The Chair and the Desk, 3/11/16

From the chair:

“And there you will serve gods of wood and stone, the work of human hands, that neither see, nor hear, nor eat, nor smell. But from there you will seek the LORD your God and you will find him, if you search after him with all your heart and with all your soul. When you are in tribulation, and all these things come upon you in the latter days, you will return to the LORD your God and obey his voice. For the LORD your God is a merciful God. He will not leave you or destroy you or forget the covenant with your fathers that he swore to them.”

-Deuteronomy 4:28-31

I’m struck, in this passage, by God’s mercy. He knows how foolishly the people whom he has rescued will ignore him and worship stupid things, but he still promises grace and even salvation from themselves.

I’m struck, in this passage, by our obstinacy. Even this offer, which meets us much more than halfway, was never enough for us. We couldn’t even live up to this concession–no matter what you’ve done, just turn back to me with all your heart–and we needed Jesus Christ to fulfill this part of the law for us too.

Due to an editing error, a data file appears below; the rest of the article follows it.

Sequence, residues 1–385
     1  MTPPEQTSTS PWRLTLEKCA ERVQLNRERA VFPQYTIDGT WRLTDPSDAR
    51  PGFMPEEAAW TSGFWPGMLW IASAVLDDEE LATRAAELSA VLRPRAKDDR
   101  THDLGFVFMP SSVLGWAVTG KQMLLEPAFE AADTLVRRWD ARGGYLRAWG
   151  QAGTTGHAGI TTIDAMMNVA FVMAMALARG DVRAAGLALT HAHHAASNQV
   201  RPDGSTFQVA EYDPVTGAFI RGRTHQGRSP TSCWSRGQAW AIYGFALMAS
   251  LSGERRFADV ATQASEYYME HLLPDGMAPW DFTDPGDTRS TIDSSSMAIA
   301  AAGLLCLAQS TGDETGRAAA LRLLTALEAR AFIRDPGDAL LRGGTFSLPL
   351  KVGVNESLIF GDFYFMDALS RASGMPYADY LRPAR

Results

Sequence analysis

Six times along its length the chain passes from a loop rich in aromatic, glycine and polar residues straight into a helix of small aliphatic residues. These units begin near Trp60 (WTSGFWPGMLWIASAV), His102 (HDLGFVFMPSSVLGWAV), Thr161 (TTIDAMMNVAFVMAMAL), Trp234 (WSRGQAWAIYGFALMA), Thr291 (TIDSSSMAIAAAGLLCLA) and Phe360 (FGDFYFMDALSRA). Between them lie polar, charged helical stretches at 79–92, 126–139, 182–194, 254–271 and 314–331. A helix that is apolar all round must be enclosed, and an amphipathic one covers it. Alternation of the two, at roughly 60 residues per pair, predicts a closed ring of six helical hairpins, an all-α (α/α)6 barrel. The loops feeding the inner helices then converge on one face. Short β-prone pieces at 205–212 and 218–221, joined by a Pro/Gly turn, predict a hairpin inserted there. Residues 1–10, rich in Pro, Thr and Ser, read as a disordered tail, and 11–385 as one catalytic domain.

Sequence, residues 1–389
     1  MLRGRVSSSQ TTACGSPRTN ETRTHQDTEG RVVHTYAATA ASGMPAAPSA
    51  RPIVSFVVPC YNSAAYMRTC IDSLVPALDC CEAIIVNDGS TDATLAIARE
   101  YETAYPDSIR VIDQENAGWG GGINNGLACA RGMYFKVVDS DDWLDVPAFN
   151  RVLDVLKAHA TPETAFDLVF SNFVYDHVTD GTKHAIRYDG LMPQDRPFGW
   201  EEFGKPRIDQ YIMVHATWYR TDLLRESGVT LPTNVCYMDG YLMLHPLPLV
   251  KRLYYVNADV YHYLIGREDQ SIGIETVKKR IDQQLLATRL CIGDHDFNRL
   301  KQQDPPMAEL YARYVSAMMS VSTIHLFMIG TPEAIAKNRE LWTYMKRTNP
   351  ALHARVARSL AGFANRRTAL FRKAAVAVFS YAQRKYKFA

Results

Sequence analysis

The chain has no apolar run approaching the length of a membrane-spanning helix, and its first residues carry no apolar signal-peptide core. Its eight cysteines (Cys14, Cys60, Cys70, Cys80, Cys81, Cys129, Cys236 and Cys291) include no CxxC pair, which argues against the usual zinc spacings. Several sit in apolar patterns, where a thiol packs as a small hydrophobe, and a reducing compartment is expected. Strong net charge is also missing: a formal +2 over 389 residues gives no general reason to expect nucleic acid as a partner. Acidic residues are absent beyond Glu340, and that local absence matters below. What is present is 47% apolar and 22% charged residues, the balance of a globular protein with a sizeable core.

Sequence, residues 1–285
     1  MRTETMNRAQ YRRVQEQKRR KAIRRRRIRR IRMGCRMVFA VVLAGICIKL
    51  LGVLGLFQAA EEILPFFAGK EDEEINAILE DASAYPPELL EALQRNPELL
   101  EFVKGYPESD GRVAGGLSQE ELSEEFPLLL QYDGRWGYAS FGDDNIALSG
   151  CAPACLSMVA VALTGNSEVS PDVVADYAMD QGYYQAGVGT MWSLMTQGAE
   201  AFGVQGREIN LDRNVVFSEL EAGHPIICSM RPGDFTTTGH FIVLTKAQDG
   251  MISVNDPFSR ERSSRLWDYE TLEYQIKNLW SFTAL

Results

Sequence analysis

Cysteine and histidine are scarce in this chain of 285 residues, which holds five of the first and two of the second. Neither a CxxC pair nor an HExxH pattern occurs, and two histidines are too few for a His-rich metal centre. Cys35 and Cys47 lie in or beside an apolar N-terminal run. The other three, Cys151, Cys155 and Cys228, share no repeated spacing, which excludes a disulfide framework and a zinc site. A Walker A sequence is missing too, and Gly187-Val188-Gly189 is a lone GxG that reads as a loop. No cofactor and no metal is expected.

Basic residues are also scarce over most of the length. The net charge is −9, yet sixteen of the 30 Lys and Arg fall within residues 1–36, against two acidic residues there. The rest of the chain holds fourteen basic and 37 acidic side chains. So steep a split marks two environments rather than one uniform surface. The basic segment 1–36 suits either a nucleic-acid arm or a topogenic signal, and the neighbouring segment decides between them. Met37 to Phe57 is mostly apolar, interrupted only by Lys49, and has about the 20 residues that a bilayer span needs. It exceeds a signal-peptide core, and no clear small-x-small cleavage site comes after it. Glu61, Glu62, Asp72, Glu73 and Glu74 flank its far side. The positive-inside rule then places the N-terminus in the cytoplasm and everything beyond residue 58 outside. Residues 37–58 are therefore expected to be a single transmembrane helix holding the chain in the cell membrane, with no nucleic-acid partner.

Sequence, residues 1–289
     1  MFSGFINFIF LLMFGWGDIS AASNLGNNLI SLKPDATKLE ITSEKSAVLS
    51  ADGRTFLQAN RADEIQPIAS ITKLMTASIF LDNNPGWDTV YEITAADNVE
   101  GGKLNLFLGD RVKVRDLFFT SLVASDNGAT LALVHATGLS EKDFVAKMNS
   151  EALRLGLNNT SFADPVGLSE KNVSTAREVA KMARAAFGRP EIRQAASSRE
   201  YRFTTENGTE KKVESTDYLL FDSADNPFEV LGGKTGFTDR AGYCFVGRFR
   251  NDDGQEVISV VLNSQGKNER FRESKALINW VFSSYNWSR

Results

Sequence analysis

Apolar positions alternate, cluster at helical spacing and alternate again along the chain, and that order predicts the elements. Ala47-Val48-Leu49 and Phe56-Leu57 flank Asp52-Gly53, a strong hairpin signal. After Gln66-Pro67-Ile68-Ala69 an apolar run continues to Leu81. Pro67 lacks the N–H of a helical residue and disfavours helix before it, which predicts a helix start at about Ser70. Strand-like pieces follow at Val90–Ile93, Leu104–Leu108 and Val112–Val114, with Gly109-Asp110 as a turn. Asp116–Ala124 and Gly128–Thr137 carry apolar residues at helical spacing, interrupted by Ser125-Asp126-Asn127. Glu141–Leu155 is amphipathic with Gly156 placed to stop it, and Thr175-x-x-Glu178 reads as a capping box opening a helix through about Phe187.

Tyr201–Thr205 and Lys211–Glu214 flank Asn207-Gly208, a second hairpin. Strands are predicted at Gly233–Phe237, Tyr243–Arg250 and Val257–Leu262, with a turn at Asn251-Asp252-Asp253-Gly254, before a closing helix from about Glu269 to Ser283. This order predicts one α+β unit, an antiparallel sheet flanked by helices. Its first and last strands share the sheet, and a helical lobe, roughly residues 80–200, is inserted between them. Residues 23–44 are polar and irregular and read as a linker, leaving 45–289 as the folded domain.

I’m struck, in this passage, by God’s faithfulness. Jesus Christ did fulfill this part of the law for us too. As the perfect human, he sought God with all his heart and soul as we never could, and he gave his Spirit to help us seek God as we never have. Truly, the LORD our God is a merciful God: He has not left us or destroyed us or forgotten the covenant with our fathers that he swore to them.


From the desk:

“…

Praise Him
with Blues and Jazz,
with symphony orchestras,
with Negro spirituals
and Beethoven’s Fifth,
with guitars and saxophones.

Praise Him
with record players and cassette recorders.

Let everything that hath breath,
every living cell,
Praise the Lord.

…”

-Ernesto Cardenal, “Psalm 150,” http://www.spiritsound.com/psalm.html

This excerpt from Ernesto Cardenal’s poem was in one of my books for class today, and I was a bit shocked–a bit shocked into a moment of worship. The whole poem is worth a read, and it paints a beautiful picture of praise inspired by Psalm 150.


“The chair” is the one Annie aptly chose for the corner of our living room, and it’s where I am committed to daily hearing from God’s Word–the Word I above all else hope to speak to others. “The desk” is the one by my coffee grounds and spare charger (if I get to the library early enough); it’s where I have the privilege of reading and thinking all day, where I intend to learn for others’ sake.

 

Leave a Reply